The company that won a contract to deliver broadband service to Roanoke City Public Schools in 2017 is about to piggyback from that network to expand coverage for businesses.

Shentel Communications said the company laid about 40 miles of fiber to reach each of the city’s schools. That network happens to run past about 2,500 businesses, all of which are now potential customers.

The Virginia-based company isn’t committing to lay a certain amount of new fiber, but instead says it’s making its first major push to find fiber customers, expand its support team and grow its network in Roanoke.

When new customers sign up, the company will build a branch off the existing network to reach the sites, whether that’s a one-mile expansion or 10.

Shentel Senior Vice President Willy Pirtle says Roanokers can expect to see billboards and advertisements for the service starting now.

“If we get another customer that big,” he said, referring to the school district contract, “then we could justify another 40-mile build.”

Pirtle said Shentel has been in the Roanoke market for years, but this new effort marks a major expansion of its fiber business. He said prices will vary, based on the bandwidth and services requested. For now, the company is only targeting business customers, not residential.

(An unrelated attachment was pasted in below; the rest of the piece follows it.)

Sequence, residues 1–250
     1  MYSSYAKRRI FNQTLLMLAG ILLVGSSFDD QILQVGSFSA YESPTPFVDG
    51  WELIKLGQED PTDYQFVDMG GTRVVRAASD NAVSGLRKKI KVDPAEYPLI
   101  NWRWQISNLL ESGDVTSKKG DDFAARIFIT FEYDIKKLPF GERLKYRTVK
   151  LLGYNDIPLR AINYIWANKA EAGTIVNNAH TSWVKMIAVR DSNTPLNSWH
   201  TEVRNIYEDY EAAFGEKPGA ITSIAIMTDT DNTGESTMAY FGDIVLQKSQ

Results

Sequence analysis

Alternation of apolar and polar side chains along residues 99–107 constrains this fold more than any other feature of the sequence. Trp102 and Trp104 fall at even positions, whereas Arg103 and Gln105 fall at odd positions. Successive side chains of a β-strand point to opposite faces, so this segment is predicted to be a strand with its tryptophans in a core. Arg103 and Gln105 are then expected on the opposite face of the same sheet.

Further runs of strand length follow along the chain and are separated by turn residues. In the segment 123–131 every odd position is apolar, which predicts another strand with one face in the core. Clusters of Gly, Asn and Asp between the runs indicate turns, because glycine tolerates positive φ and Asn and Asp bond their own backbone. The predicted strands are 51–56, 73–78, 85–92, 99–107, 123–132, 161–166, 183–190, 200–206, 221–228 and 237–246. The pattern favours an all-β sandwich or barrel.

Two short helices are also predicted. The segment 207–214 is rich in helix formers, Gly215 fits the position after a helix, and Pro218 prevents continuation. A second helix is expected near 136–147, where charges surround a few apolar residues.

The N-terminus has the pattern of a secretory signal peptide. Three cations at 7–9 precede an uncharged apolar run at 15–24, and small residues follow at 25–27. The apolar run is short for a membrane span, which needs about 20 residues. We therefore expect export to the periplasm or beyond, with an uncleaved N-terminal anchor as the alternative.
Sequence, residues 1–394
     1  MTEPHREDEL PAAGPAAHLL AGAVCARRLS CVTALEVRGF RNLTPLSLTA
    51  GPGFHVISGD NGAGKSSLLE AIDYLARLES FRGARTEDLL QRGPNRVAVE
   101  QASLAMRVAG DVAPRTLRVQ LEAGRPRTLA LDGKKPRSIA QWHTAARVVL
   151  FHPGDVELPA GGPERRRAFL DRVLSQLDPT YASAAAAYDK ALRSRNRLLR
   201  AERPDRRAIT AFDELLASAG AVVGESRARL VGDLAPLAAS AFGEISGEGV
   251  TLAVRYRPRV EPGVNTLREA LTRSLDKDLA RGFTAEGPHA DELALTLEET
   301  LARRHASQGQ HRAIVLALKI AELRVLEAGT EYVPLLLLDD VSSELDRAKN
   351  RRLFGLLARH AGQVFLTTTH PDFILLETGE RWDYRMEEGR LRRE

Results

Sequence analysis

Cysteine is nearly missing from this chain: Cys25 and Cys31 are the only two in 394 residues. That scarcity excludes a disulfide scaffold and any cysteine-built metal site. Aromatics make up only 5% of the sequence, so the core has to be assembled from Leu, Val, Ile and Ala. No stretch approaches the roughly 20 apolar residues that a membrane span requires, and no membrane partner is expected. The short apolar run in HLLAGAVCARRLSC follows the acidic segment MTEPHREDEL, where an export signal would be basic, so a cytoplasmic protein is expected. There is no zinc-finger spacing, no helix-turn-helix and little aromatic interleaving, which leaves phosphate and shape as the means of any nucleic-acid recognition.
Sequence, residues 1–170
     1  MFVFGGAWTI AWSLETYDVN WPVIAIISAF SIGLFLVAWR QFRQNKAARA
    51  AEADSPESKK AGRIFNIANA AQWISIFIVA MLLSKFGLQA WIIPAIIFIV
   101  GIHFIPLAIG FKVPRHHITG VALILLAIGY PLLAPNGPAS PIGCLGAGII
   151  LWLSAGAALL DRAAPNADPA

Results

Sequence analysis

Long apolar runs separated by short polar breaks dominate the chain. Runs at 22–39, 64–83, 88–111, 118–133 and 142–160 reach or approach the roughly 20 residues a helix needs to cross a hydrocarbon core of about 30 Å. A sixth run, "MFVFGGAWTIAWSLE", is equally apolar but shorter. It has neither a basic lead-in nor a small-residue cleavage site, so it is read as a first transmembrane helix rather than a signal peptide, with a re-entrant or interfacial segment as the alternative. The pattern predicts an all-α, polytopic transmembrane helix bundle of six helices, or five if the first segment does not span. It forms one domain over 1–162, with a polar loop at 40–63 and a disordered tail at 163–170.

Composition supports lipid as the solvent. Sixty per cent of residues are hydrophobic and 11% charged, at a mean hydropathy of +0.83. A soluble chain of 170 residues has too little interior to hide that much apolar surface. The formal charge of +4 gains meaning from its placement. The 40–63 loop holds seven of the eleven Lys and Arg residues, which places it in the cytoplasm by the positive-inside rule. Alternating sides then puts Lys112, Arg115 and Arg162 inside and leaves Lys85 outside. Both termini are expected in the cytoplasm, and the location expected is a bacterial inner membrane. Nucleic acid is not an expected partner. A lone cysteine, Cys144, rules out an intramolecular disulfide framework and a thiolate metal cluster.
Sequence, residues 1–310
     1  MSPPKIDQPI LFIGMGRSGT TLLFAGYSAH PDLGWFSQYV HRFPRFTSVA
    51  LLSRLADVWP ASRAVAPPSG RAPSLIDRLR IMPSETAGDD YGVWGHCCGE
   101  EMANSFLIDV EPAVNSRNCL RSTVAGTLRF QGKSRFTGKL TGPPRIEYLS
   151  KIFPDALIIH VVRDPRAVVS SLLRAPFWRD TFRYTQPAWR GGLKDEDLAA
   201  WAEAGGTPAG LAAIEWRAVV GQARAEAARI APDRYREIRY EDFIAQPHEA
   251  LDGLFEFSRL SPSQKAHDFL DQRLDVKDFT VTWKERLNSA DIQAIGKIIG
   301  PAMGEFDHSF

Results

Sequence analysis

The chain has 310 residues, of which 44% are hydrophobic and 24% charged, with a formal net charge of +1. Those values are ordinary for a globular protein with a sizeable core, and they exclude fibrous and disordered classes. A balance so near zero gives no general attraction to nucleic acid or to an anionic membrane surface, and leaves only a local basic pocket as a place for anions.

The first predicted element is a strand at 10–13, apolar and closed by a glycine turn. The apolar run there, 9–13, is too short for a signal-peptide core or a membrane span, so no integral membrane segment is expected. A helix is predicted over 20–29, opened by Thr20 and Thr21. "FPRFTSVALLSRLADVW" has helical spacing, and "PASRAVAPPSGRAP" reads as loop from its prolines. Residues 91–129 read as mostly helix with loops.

The news marks the latest investment by an internet service provider in the Roanoke market.

For years, city leaders and local business owners complained about what they called a broadband donut hole. Roanoke was too big to qualify for federal grants that help rural communities expand broadband access, but too small to incentivize private investments by telecommunication companies.

Fearing the region would be left behind, a group of localities around the region came together in 2013 to form the Roanoke Valley Broadband Authority. Local governments would create their own business, build their own network and deliver service to their own customers.

The idea was for that venture to become self-sustaining from service revenues, while at the same time attracting more competition and private sector investment.

Since then, the RVBA has laid 80 miles of fiber across the region. New providers, like ABS Technology in downtown and MtnNet on Bent Mountain, have come to town aboard that fiber.

Separately, Cox Communications last summer announced upgrades to its own network in Roanoke. The company now offers its superfast service, called GIGABLAST, to all residential customers in the Roanoke Valley.

RVBA CEO Frank Smith said in a Friday statement that the organization was formed to jumpstart this kind of investment.

“Now, based on the collaborative vision of those forward thinking business and community leaders, we are starting to see clear infrastructure and economic development gains,” he said. “When businesses and citizens have more options, everyone wins.”

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